Cases of high blood pressure due to mental stress doubled in India in last 10 years: Dr Sumit Aggarwal
Psychological stress, which is on the rise in India, has emerged as the primary cause of hypertension, with cases of stress-induced high blood pressure increasing in the last decade, doctors at Faridabad’s Sarvodaya Hospital say.
“Hypertension has become a widespread problem in recent years due to day-to-day psychological stress, especially among corporate workers and entrepreneurs,” says Dr Sumit Aggarwal
Pointing out that currently, about 90% of all patients with high blood pressure are found to suffer from primary hypertension, for which no physical cause is found, he added, “ More than any secondary cause like a disease or health condition, the incidence of hypertension is today being driven by psychological stress as the main cause.”
Stressing that hypertension is more common in men than women, Dr Aggarwal said, “Worse, many people never consult a doctor for their condition. Instead, they buy a blood pressure monitor from a shop and start taking over-the-counter medications.”
“This can be dangerous, as many patients take the wrong or inappropriate medicines. Hypertension needs medical supervision, and one should not indulge in self-medication,” he cautioned.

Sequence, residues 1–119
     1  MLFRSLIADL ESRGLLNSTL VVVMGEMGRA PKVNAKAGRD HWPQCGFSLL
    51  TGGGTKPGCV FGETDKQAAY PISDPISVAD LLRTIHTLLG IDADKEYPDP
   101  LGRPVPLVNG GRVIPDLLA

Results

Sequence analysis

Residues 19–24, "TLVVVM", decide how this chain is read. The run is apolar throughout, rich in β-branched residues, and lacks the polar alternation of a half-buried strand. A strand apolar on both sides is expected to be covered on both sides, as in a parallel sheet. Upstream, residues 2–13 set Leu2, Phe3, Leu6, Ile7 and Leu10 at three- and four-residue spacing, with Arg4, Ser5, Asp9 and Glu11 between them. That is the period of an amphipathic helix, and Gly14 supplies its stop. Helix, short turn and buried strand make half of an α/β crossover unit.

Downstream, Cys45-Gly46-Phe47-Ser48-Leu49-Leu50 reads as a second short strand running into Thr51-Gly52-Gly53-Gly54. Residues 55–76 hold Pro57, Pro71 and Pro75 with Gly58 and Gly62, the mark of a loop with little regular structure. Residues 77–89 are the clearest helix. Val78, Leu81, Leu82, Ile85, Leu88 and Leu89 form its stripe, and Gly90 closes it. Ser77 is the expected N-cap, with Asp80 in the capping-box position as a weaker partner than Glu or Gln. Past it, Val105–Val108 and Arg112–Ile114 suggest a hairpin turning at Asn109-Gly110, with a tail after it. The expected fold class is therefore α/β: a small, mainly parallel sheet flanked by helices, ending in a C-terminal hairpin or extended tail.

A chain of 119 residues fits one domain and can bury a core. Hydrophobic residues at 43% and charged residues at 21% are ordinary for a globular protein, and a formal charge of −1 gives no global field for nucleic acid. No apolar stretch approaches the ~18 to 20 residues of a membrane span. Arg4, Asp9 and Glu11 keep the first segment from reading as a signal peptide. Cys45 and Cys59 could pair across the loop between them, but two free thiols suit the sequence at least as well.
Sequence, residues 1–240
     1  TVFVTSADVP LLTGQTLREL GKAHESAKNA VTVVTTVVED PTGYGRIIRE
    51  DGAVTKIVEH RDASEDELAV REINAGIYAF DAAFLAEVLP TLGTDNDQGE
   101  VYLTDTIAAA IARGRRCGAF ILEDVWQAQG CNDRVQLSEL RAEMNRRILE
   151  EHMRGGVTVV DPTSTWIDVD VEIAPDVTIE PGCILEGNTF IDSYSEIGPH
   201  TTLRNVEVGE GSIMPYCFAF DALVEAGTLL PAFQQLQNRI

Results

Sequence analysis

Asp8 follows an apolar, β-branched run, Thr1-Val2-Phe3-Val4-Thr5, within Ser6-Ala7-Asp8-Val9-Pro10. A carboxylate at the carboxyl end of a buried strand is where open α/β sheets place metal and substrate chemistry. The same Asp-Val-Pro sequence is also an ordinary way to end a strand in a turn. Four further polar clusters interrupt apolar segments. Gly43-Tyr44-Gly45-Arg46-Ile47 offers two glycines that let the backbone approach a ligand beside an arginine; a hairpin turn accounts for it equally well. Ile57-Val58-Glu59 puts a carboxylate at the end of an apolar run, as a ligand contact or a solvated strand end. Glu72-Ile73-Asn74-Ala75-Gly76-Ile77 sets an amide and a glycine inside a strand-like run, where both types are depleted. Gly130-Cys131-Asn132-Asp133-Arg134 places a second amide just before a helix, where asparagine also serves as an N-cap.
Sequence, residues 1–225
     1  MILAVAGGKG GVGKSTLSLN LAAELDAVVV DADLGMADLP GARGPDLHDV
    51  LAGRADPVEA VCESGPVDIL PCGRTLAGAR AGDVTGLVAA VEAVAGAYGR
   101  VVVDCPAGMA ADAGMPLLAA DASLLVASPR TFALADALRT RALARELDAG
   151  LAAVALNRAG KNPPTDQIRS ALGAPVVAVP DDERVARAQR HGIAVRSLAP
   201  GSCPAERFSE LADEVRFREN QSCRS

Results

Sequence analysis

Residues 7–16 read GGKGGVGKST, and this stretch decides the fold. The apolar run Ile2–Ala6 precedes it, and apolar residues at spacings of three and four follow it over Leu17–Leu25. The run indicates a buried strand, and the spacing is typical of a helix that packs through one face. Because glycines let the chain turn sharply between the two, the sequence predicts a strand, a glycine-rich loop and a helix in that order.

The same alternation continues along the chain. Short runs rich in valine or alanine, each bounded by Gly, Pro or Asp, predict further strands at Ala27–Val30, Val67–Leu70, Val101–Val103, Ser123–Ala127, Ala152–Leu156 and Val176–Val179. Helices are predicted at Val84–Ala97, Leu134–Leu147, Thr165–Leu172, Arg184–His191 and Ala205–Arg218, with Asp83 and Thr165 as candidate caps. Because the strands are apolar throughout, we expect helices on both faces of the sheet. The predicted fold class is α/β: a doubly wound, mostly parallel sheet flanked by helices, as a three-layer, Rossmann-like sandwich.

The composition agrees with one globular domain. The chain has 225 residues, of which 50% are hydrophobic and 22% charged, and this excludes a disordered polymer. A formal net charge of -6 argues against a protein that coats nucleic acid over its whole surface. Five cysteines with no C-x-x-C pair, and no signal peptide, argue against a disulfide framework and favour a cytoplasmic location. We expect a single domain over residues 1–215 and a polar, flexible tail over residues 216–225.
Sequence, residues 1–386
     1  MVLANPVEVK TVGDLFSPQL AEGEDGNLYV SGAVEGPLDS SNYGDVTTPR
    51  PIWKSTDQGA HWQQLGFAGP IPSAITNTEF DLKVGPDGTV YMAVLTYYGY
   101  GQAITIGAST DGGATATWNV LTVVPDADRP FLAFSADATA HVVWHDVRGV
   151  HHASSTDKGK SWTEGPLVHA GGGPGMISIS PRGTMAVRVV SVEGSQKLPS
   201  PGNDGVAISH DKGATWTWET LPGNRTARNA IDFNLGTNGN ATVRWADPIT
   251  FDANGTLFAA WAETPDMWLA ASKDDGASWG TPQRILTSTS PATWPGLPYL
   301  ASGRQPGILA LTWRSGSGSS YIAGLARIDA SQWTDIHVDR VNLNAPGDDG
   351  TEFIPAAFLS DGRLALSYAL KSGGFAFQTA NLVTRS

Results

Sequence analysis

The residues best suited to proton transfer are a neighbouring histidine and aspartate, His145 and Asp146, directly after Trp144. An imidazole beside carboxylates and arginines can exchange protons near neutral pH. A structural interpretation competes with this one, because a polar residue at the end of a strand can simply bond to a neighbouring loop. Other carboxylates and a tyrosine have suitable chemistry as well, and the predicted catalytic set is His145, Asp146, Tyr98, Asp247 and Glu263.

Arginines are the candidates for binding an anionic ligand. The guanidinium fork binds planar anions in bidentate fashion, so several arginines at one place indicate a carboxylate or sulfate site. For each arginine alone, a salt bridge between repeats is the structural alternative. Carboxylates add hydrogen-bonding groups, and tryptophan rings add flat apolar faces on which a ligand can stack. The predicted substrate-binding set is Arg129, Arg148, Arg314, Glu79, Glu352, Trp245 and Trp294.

Talking about the association between chronic stress and the development of hypertension, Dr Aggarwal said, “Prolonged exposure to stress triggers physiological mechanisms that lead to increased blood pressure.”
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Explaining that stress over-activates the sympathetic nervous system, which results in the release of stress hormones and the narrowing of blood vessels, leading to elevated blood pressure, he added, “Chronic stress promotes inflammation and oxidative stress, which damage the blood vessels and compromise their ability to relax and contract properly.”
“Stress also disrupts the hormonal balance in the body, affecting the regulation of blood pressure,” Dr Aggarwal elaborated.
Pointing out that people under stress often resort to unhealthy coping mechanisms, including overeating, excessive drinking or smoking, and leading a sedentary lifestyle, he added, “ These behaviours, in turn, can lead to weight gain, poor cardiovascular health, and increased blood pressure.”
Work-related stress, financial hardship, and emotional stress all have an impact on the way individuals think. Given the close link between stress and hypertension, adopting good stress management practices can have a positive impact on blood pressure levels.
“Stress-induced hypertension is reversible in early stages by stabilising the mind and reducing the brain’s sympathetic overdrive. This can be done through stress-reduction techniques like Yoga, mind-relaxation exercises, meditation, deep breathing exercises, anti-anxiety medicines, and antidepressants,” Dr Aggarwal said.
“By effectively managing stress levels, individuals can reduce their risk of hypertension and lead a happier, healthier life,” he concluded.